The man whose writings make up most of the New Testament had to deal with slavery. As Christianity spread through the Roman Empire, many slaves joined the church.

At various parts of the New Testament, Paul seems to accept slavery. He tells slaves to obey their masters. At other times, Paul seems to challenge the morality of slavery. In one New Testament letter, Paul intercedes on behalf of a runaway slave and chides the master for calling himself a Christian and holding a slave.

Crossan, along with some other biblical scholars, says there are actually two versions of Paul in the New Testament: the authentic, “radical” Paul who opposed slavery and a “Pseudo-Paul” inserted into the texts by early church leaders who were afraid of antagonizing Rome.

“It’s one thing to say that Jesus is Lord,” Crossan says. “Now if you’re saying a Christian can’t have slaves, then something must be wrong with slaves. So now you’re attacking the Roman system, which is a slave economy.”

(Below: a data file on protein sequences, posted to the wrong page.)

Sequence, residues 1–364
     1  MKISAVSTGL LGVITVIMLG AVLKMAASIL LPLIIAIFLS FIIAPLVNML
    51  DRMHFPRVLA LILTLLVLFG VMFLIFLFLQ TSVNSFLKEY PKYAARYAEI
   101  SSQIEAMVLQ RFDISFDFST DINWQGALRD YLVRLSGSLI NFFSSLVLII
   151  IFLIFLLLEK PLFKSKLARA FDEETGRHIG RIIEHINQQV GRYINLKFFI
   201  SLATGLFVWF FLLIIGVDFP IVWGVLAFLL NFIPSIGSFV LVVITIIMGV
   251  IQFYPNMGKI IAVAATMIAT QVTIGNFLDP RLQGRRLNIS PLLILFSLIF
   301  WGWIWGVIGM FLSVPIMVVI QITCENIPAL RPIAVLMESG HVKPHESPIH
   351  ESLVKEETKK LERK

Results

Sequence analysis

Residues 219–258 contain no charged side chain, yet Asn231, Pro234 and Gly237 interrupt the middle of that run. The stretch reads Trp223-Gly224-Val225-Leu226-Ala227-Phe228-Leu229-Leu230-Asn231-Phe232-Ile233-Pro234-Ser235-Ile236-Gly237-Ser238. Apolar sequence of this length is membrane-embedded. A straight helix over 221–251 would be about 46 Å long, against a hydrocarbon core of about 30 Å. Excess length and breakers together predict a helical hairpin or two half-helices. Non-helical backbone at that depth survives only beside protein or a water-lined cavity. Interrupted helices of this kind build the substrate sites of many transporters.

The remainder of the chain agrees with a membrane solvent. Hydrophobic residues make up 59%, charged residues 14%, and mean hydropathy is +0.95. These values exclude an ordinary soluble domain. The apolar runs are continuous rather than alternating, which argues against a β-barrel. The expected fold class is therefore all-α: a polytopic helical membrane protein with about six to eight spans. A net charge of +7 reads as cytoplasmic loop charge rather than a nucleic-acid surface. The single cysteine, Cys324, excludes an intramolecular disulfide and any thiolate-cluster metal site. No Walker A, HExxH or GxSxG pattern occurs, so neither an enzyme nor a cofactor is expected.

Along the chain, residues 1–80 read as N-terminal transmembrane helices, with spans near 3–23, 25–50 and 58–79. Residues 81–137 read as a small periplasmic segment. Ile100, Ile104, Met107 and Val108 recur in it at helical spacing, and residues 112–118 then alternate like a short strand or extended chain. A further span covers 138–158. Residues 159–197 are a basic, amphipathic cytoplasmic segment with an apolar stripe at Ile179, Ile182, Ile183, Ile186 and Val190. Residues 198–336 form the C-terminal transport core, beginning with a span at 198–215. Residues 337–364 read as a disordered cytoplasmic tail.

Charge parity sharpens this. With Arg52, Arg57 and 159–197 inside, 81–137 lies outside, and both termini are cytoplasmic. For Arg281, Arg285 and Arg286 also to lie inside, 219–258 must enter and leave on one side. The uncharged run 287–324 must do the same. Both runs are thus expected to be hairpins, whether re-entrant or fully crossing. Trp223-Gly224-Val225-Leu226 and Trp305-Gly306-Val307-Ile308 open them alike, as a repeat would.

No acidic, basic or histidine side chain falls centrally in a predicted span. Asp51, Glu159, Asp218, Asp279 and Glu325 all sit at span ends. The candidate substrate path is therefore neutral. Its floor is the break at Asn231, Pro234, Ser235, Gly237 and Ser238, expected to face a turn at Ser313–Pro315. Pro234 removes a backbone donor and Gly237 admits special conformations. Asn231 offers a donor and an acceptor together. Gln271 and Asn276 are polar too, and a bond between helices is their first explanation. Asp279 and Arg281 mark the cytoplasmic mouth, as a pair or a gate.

Jesus’ apparent silence on slavery and Paul’s ambiguous statements on the issue had dreadful historical consequences. It helped ensure that slavery would survive well into the 19th century in the U.S., some scholars say.

American Christians who owned slaves had a simple but powerful defense in the run-up to the Civil War. The Old and New Testament sanctioned slavery and, since the Bible is infallible, slavery is part of God’s order, says Mark Noll, author “The Civil War as a Theological Crisis.”

“The defenders of slavery said Jesus condemned quite a few things that were standard in the Old Testament,” Noll says. “He condemned polygamy, violence, easy divorce, but he never condemned slavery.”

Let my people go, but keep the others

Neither did Moses, the founder of Judaism, say other scholars.